Giving someone power of attorney is an essential part of your estate planning, as well as something you might use for your business. However, you need to tailor their powers to your needs.
What types of power of attorney are there?
Here are some of the types of power of attorney you can give:
- Springing power of attorney: You give someone authority to act on your behalf once certain conditions that you specify apply. You may use this in case you suffer an accident or mental illness, which leaves you unable to make decisions alone.
- A limited power of attorney: You may use this for a one-off event. When you create it, you limit the powers to just the tasks you need. You might use this to handle a business transaction or property sale when away on vacation.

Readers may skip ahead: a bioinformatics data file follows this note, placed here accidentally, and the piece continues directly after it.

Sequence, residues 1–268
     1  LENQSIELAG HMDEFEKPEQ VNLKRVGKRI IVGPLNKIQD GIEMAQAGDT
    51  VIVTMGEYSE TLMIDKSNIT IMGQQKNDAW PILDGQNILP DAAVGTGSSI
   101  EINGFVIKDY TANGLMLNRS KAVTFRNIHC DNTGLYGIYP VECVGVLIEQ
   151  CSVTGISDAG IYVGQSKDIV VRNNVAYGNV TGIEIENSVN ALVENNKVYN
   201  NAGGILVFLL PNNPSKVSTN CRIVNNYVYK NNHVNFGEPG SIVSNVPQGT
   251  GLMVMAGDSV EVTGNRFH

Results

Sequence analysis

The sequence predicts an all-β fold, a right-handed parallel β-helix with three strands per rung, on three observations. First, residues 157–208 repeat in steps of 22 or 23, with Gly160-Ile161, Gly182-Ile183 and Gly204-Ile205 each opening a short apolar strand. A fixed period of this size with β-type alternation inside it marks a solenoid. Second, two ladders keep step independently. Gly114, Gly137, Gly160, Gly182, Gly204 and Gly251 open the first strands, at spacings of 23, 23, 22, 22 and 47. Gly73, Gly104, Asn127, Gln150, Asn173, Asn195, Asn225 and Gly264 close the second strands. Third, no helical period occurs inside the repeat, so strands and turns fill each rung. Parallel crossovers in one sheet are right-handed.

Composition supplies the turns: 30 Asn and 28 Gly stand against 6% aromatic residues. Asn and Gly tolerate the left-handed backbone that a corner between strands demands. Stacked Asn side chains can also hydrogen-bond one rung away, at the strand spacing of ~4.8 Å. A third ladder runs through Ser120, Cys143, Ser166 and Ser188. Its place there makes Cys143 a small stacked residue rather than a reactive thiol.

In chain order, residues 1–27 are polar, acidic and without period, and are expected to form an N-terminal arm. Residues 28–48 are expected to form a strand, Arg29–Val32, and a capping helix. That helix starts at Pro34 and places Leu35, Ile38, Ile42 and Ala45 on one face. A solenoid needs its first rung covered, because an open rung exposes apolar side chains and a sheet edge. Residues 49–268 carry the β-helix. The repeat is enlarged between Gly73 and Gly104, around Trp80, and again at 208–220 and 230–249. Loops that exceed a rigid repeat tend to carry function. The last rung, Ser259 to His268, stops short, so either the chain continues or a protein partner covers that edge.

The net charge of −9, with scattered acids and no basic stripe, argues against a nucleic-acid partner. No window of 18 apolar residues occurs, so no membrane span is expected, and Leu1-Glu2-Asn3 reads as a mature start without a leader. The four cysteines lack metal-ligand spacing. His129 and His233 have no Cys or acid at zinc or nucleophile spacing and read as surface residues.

- Durable power of attorney: This gives someone permission to act on your behalf until you either cancel their power or you die. You can specify the tasks they are allowed to carry out.
- Health care power of attorney: This is the person you ask to make medical decisions on your behalf if you are unable to. They do not need to be a medical expert. Their role is to understand your wishes, make the choices you would make in the circumstances and communicate this to the medical staff.
When giving someone power of attorney, it is essential to seek legal help to do it correctly. Giving someone too much authority could result in problems. So could failing to ensure you have given them enough to carry out all the tasks that may be required. You may wish to give different people different responsibilities, rather than rely on one person alone.